Sunday, April 8, 2007

Create an Online Private Network That’s Secure and Reliable.

Create an Online Private Network That’s Secure and Reliable.
Virtual Reality? Not Quite. It’s a Virtual Private Network! YAY!

Not too long ago, companies with users and offices geographically separated had to use intranets (password-protected sites designed for use only by company employees) or leased lines, like ISDN or OC3 fiber, to maintain a Wide Area Network (WAN) for fast and secure digital communication. The growing popularity of the Internet convinced some businesses to turn towards it as way of extending its own networks; in comes VPN. A Virtual Private Network (VPN) is a private communications network used mainly by companies, or other organizations, to securely connect remote sites or users together over a public network (usually the Internet). VPN traffic is carried through an existing networking infrastructure on top of standard protocols, or over a service provider's private network with a defined Service Level Agreement (SLA) between the VPN customer and the VPN service provider.

One common type of VPN, typically used by a large business with hundreds of sales people in the field, is “remote-access” also called a virtual private dial-up network (VPDN). This is a user-to-LAN connection used by a company with employees who need to connect to the private network from various remote locations. If a company needs to set up a large remote-access VPN, they will typically subcontract an enterprise service provider (ESP). The ESP sets up a network access server (NAS), which remote users would reach by dialing a toll-free number. The ESP provides telecommuters with desktop client software for their computer, which is used to access the corporate network. Through the use of a third-party service provider, remote-access VPNs permit secure, encrypted connections between a company’s LAN and remote users.

Another type of VPN is “site-to-site.” A company can connect multiple fixed sites over a public network, such as the Internet, through the use of dedicated equipment and large-scale encryption. There are two kinds of site-to-site VPNs: Intranet-based and Extranet-based. Intranet-based VPN connects remote user(s) to a single private network. Extranet-based VPN is a network that connects business partners LAN to LAN and allows all of the various companies to work in a separate, shared environment.

A well-designed VPN consists of security, reliability, scalability, and integrated network and policy management. These features can improve security, reduce operation costs versus WAN, provide a convenient remote workstations for employees, provide global network opportunities, provide telecommuter support, and provide broadband networking compatibility.

VPN keeps your connection and data secure over the information superhighway, known as the Internet, through the use of firewalls, encryptions, IPSecs, and AAA Servers.
A firewall is the first line of defense between your private network and the Internet. You can restrict the number of open ports, what types of packets are passed through, and which protocols are allowed.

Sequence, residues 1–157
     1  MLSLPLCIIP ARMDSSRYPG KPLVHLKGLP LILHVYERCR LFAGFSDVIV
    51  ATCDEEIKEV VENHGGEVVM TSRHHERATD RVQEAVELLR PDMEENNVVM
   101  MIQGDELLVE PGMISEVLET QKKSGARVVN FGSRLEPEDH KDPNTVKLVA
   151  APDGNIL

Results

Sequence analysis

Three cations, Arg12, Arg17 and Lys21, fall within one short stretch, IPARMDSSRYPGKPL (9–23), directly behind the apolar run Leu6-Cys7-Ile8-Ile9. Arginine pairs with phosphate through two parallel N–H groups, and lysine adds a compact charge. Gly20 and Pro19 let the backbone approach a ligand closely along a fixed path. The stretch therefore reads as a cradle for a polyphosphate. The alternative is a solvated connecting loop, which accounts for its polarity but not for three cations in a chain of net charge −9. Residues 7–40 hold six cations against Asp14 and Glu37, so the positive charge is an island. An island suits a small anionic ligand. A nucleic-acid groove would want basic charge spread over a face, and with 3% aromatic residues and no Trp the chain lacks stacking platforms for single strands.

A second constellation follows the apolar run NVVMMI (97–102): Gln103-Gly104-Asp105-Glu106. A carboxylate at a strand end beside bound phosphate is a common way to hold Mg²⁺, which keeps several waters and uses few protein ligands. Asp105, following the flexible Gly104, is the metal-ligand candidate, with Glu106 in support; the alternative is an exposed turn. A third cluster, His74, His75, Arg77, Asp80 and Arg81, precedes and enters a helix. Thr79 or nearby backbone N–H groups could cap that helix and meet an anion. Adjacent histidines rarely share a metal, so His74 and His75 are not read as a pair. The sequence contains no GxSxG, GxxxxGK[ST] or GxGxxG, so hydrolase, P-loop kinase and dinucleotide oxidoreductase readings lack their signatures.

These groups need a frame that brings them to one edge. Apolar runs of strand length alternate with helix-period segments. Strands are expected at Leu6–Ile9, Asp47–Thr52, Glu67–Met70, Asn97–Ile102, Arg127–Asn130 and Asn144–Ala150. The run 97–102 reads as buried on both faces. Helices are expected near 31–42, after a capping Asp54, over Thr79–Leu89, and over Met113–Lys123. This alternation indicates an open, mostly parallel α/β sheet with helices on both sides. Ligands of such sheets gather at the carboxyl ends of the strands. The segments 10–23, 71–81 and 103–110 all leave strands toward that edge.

Encryption is the process of taking the data sent from one computer and encoding the data so that when sent, only the receiving computer can decode the information.
Internet Protocol Security Protocol (IPSec) provides enhanced security features like better encryption algorithms, and more comprehensive authentication. IPSec can encrypt data between various devices, such as: router to router, firewall to router, PC to router, and PC to server.
AAA (authentication, authorization, and accounting) servers are used to secure access in a remote-access VPN environment. During the dial-up request by a user to establish a network connection, the AAA server checks who you are (authentication), what you’re allowed to do (authorization), and what you actually do while logged on (accounting). Accounting information is useful for tracking client use for securing auditing, billing, or reporting purposes.

The beauty of VPN over the Internet is its scalability. This is a major advantage over having typical leased lines. Leased lines are direct, and its cost increases proportionately to distances involved between offices. A VPN uses an existing infrastructure, the Internet, to connect members of a network securely and quickly without the cost issues.

Most VPNs rely on tunneling to create a a private network that reaches across the Internet. Tunneling is the transmission of data through a public network in such a way that routing nodes in the public network are unaware that the transmission is part of a private network. Essentially, tunneling places an entire packet within another packet and sends it over a network. The network and both points, called tunnel interfaces, where the packet enters and exits the network, understand the protocol of the outer packet. Tunneling allows the use of public networks (i.e. the Internet), to carry data on behalf of users as though they had access to a 'private network', hence the name “VPN.”

Tunneling requires three different protocols: Carrier protocol, encapsulating protocol, and passenger protocol. To clearly explain what these protocols do, I think it’s best to use an analogy: It’s like mailing a care package sent to a friend through the post office. The post office loads the package (passenger protocol) into a box (encapsulating protocol), which is then put into a postal truck (carrier protocol) at the Post Office (entry tunnel interface). The truck travels the highways (Internet) to your friend’s home (exit tunnel interface), and delivers the package. Your friend opens the box (encapsulating protocol) and removes the package.

Hopefully this article helps you understand VPN a bit. It’s a great way for companies to provide its employees a secure and reliable way to connect from any location. For more information, please visit Nationwide VPN.